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Catherine Kaleida

Catherine Kaleida

(Arizona State University)

Catherine Kaleida is an astrophysics graduate student in the School of Earth and Space Exploration at Arizona State University in Tempe, Arizona.

Her research focuses on stellar clustering at all size scales, from compact clusters to large stellar complexes, and the role those stellar groupings play in galaxy structure and evolution. She received a Bachelor of Science in Physics and Astronomy and a Bachelor of Arts in Studio Art from the University of Georgia in 2004.

Upon finishing her Ph.D.in the fall of 2011, Catherine will be moving on to the Cerro Tololo Inter-American Observatory in La Serena, Chile, where she will be a Postdoctoral Research Associate in charge of summer student programs. Recently, she has been developing an automated method to select stellar groupings of all size scales, and testing this method on the star clusters and stellar associations in NGC 4214.

Catherine spends her free time rock climbing, making metal sculptures, salsa dancing, knitting, and attempting to grow vegetables in her backyard.


Robert O'Connell

Robert O'Connell

(University of Virginia)

Robert W. O'Connell is J. D. Hamilton Professor of Astronomy at the University of Virginia. He grew up in San Francisco and received his undergraduate and graduate degrees from the University of California at Berkeley and the California Institute of Technology. He has been at UVa since 1971, where he served as departmental chair for a total of 11 years. Dr. O'Connell's main research interests center on the evolution of galaxies as revealed by their stellar populations, especially in unusual environments such as starbursts and cooling flows in clusters of galaxies. He has published over 200 scientific papers. He has long been active in space astronomy, especially observations in the ultraviolet, and served as chair of the international science working group for the Starlab project and as a co-investigator on the Ultraviolet Imaging Telescope, which flew on two Space Shuttle missions in the 1990's. Dr. O'Connell has been chair of the Scientific Oversight Committee for the Wide Field Camera 3 on the Hubble Space Telescope since 1998.

The members of the WFC3 Science Oversight Committee and Early Release Science, which includes observations of M83 include: R. O'Donnell (University of Virginia), B. Balick (University of Washington), H. Bond (STScI), D. Calzetti (University of Massachusetts), M. Carollo (Swiss Federal Institute of Technology, Zurich), M. Disney (University of Wales, College of Cardiff), M. Dopita (Australian National University), J. Frogel (Ohio State University Research Foundation) , D. Hall (University of Hawaii), J. Holtzman (New Mexico State University), P. McCarthy (Carnegie Institution of Washington), F. Paresce (European Southern Observatory, Germany), A.Saha (NOAO/AURA) , J. Silk (University of Oxford), A. Walker (NOAO/CTIO) , B. Whitmore (STScI), R. Windhorst (Arizona State University), and E. Young (University of Arizona).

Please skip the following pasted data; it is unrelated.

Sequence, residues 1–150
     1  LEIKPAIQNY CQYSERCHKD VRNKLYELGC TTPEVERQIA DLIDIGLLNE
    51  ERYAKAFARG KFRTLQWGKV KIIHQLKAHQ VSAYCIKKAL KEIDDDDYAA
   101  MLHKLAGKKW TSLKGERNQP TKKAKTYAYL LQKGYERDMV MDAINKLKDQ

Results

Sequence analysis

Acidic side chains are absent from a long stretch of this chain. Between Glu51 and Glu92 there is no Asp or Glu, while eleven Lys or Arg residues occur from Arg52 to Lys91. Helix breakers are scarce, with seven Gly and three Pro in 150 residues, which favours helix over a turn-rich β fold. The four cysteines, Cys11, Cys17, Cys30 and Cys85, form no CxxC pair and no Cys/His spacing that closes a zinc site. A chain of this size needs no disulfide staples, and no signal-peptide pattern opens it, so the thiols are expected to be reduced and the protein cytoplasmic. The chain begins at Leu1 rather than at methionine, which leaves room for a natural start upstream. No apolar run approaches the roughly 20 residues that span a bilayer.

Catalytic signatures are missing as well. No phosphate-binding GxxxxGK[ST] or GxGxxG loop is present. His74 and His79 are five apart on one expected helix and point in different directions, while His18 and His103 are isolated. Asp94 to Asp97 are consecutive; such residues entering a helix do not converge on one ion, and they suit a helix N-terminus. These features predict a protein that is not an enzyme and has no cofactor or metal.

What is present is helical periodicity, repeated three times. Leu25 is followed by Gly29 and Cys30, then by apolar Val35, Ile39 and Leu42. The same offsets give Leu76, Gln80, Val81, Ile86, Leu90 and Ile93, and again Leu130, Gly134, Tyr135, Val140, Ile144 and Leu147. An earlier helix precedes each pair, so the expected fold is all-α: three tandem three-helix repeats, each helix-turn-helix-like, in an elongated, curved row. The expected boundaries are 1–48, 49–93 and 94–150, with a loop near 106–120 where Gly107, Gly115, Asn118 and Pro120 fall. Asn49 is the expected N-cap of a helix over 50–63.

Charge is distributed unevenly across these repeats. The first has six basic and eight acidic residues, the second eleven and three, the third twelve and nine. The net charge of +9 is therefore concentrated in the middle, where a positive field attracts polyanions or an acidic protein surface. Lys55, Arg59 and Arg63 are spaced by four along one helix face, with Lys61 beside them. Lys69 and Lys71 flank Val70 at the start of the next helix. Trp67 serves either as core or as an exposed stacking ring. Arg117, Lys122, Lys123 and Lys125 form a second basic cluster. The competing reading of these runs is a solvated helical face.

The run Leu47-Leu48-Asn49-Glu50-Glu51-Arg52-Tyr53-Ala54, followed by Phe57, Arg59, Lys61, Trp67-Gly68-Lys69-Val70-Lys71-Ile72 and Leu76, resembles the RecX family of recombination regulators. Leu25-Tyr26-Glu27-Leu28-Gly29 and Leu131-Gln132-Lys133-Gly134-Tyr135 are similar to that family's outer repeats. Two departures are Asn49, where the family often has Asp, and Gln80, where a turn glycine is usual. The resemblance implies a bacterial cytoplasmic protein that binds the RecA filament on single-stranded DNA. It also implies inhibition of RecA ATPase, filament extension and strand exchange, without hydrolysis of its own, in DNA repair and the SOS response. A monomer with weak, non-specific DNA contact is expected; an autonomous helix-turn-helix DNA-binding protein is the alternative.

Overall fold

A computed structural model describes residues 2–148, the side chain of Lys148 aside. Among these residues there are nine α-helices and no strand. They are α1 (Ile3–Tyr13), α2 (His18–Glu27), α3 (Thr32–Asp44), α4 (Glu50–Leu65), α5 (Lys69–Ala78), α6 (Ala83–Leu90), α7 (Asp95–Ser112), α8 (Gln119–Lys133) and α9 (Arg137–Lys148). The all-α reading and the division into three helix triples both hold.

Michael Dopita

Michael Dopita

(Australian National University)

Michael Andrew Dopita is Professor and ARC Federation Fellow at the Research School of Astronomy and Astrophysics, Australian National University. The School is located at Mount Stromlo Observatory, the home of the Hubble Space Telescope. *Dopita is one of the top international authorities in the general area of interstellar astrophysics. He has made fundamental contributions to research on astrophysical plasma diagnostics, star formation in galaxies, the physics of planetary nebulae, supernova remnants, active galactic nuclei and radio jets. His prestige and judgement were recognized by his appointment to the Hubble Space Telescope Time Assignment Committee.


Brad Whitmore

Brad Whitmore

(Space Telescope Science Institute)

Brad Whitmore is an astronomer at the Space Telescope Science Institute (STScI) in Baltimore, Maryland. He specializes in collisions between galaxies and the star clusters that form during these collisions. He received his PhD in astronomy at the University of Michigan in 1980, was a postdoctoral fellow at the Department of Terrestrial Magnetism until 1982, taught at Arizona State University in 1983, and has been at STScI ever since. His contributions range from helping to design the observing proposal system at STScI, being the group lead for the Wide Field Planetary Camera 2 Group, and the Division Head for the Instrument Divsion. His present position is Deputy Division Head of the Science Division.

Brad's "outside" interests include hiking, mountain climbing, adventure racing, and orienteering, where he has been the national champion in his age groups three times. He lives on a small hobby farm with his wife Julie, four llamas, a dozen sheep, thirty chickens, eight cats, and their English springer Plum. His son Ian is an established artist in Washington DC, and his daughter Jocelyn is a student at the Center for Cartoon Studies in Vermont.